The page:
Depreciation plays a vital role in determining the adjusted basis of property, making it a crucial element in the non-recognition provisions of IRC §1031. It enables taxpayers to deduct a reasonable amount for the wear and tear experienced by investment or business-use property. When such property is sold or exchanged, the Tax Code mandates the recapture of previously claimed depreciation. Depreciation recapture applies to the sale’s proceeds received, up to the amount of depreciation taken over the asset’s lifespan. Investment/business-use property is subject to depreciation recapture upon sale, but the specific provisions differ based on whether the asset is real or personal property.
IRC §1250 property generally refers to improved real property eligible for depreciation deductions on a taxpayer’s return. The recapture provisions applicable to §1250 property are somewhat complicated. Property placed in service on or before December 31, 1986, utilized an accelerated cost recovery (ACRS) depreciation method, while a modified accelerated cost recovery (MACRS) straight-line system was employed after 1986. For §1250 property, any depreciation claimed under ACRS beyond what would be allowed under the MACRS straight-line cost recovery method is taxed as ordinary income. Additionally, any gain attributable to unrecaptured depreciation under the MACRS schedule (referred to as unrecaptured §1250 gain) is currently taxed at a rate of 25%.
IRC §1245 property generally encompasses depreciable personal property, although the Code classifies certain types of real property placed in service before 1987 as §1245 property. Currently, §1245 property refers exclusively to personal property used in a trade or business. Disposing of §1245 property that results in a gain triggers depreciation recapture. Unlike §1250 property, however, recaptured depreciation on §1245 property does not benefit from a preferential lower tax rate. Under §1245, all depreciation taken on the property must be recaptured and taxed as ordinary income, but only to the extent that gain is recognized from the sale or exchange transaction.
Cost Segregation: Some owners of large real estate properties employ a “cost segregation” study to maximize the advantages of both real property straight-line depreciation and accelerated depreciation for personal property. A cost segregation study involves a detailed engineering analysis that reclassifies specific components of §1250 (real) property as §1245 (personal) property. The objective of cost segregation is to identify fixtures, HVAC systems, and other elements of personal property incorporated into the building and treat them separately from the real estate. This enables taxpayers to take advantage of more generous accelerated depreciation schedules available for personal property. When exchanging improved real property that underwent cost segregation, caution must be exercised to ensure that the Replacement Property has sufficient §1245 property to offset §1245 recapture, as well as enough §1250 property to offset §1250 recapture. Failure to meet these requirements may result in the recognition of boot. For instance, if a cost-segregated shopping center is exchanged for raw land, there would be no depreciable personal property in the Replacement Property to offset the §1245 depreciation claimed for the shopping center relinquished property, necessitating recapture.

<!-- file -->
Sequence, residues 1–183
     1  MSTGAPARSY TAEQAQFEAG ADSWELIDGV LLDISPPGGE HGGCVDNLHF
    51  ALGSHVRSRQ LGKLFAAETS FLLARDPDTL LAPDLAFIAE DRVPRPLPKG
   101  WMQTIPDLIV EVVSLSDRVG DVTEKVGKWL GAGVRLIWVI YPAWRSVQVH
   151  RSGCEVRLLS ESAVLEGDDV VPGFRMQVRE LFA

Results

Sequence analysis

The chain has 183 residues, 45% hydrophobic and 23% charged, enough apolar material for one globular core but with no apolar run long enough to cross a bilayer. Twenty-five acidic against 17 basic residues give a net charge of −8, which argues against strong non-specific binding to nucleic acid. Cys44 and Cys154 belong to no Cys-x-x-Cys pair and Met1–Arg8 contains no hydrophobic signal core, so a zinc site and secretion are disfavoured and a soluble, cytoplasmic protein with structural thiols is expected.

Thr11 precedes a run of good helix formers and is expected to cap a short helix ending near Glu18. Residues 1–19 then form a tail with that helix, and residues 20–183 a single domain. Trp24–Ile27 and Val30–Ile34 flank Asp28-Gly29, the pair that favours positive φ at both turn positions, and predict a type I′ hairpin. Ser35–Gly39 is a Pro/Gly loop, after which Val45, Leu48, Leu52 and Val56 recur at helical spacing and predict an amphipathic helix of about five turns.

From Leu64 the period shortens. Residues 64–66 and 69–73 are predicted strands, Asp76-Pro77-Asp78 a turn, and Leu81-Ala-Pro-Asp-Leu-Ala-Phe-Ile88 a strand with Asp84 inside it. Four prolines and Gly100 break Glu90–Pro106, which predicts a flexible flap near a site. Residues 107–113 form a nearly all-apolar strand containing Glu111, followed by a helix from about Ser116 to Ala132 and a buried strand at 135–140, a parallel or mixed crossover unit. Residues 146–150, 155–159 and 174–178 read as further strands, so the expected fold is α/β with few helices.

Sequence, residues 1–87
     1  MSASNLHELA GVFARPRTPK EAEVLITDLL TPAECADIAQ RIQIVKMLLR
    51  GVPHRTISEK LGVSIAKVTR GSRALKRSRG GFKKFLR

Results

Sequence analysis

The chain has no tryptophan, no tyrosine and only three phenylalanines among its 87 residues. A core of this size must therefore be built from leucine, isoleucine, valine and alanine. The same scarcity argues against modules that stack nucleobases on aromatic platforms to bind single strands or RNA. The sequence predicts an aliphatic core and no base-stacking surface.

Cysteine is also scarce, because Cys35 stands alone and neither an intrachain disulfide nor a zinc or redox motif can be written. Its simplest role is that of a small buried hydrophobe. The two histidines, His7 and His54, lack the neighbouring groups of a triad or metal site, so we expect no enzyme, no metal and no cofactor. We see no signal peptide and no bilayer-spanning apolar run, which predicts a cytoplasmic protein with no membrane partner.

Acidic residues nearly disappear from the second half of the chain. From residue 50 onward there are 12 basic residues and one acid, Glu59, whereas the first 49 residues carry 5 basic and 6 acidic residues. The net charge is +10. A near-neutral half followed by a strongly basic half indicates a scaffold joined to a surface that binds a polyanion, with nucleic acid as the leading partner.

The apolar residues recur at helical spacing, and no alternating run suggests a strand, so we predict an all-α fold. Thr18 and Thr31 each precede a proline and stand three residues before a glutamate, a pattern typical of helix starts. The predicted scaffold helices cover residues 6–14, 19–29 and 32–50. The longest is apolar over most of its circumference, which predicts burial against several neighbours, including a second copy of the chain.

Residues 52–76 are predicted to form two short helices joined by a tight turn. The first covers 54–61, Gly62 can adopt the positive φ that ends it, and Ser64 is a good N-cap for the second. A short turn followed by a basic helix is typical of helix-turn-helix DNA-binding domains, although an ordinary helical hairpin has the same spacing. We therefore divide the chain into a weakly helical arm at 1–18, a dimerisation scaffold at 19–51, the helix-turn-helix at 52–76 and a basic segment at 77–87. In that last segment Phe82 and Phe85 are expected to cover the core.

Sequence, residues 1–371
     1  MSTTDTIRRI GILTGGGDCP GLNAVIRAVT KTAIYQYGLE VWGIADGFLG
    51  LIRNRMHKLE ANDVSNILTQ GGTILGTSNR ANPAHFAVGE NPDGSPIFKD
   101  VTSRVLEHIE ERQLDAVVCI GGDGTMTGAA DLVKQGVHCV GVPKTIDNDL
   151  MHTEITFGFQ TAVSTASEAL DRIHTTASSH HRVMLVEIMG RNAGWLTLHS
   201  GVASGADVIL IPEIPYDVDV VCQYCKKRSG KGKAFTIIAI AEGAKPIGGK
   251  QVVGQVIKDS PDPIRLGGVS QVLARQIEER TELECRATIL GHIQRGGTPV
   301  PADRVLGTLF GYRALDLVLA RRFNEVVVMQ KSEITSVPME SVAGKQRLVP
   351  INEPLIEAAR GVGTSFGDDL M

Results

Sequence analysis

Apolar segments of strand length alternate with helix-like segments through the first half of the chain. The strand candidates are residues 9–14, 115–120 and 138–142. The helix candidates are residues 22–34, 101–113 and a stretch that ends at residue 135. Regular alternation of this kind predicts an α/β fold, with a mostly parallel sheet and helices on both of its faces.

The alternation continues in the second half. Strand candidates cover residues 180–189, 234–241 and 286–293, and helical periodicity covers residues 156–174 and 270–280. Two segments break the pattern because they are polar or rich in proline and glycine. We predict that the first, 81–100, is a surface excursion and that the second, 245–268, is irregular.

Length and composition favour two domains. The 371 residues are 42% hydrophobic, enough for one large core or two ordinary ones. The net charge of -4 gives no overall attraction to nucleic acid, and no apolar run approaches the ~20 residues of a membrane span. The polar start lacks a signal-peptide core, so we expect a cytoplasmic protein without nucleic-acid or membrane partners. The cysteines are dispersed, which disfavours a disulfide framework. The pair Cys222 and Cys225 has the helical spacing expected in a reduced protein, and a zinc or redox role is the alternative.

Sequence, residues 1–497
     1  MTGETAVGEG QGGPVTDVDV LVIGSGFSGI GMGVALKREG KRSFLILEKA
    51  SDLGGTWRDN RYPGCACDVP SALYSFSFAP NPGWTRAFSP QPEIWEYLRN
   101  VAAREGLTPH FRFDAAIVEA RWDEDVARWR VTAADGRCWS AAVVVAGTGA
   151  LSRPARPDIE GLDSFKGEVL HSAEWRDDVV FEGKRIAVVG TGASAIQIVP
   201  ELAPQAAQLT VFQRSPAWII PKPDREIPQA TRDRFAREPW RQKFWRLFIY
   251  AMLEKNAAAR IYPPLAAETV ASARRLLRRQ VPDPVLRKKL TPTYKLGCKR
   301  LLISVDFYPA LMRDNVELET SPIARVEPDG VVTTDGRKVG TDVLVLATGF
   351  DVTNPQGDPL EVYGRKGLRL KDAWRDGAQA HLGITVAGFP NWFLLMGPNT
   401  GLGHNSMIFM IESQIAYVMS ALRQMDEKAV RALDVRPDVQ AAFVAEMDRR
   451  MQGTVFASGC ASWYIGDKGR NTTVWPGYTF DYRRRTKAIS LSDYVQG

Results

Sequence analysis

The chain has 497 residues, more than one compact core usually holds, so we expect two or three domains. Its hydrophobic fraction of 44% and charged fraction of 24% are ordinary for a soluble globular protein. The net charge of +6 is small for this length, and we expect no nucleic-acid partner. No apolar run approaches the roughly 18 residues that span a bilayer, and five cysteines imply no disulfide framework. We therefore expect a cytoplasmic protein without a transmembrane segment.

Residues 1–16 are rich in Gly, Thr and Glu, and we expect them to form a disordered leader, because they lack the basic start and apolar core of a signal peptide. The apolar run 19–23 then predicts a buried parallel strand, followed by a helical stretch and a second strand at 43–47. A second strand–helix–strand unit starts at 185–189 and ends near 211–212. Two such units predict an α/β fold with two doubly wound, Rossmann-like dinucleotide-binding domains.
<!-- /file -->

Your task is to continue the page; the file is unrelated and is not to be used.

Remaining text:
Step in the Shoes: In 2004 the IRS revised the rules for “step in the shoes” depreciation to eliminate any tax advantage of acquiring Replacement Property with a longer recovery period or more favorable accelerated depreciation method than the Relinquished Property it replaced. Treasury Regulation §1.168(i)-6T requires that portion of basis in the new Replacement Property representing exchanged basis (not basis from additional cash) to be recovered over the remaining life of the Relinquished Property using the same method that was used for the Relinquished Property if the Replacement Property has the same or shorter recovery period or the same or more accelerated depreciation method. Alternatively, the regulation requires exchanged basis to be recovered over the remaining life of the Relinquished Property utilizing the depreciation method of the Replacement Property if it has a longer recovery period or a less accelerated depreciation method. In summary, the IRS wins both ways. Pre-existing basis of property acquired in an exchange must now be depreciated using the recovery period and method applicable to either the Relinquished or Replacement Property, whichever is least advantageous to the taxpayer.
As each situation is unique, exchangers should always seek the guidance of an attorney or tax advisor in order to determine depreciation recapture and/or any relevant offsets thereto.
If you or someone you know has questions about the 1031 exchange process, our team of experts at Peak 1031 Exchange are here to help. Contact us today at [email protected] or by calling us at 818-960-7019 to discuss the deferral of capital gains taxes with a 1031 exchange.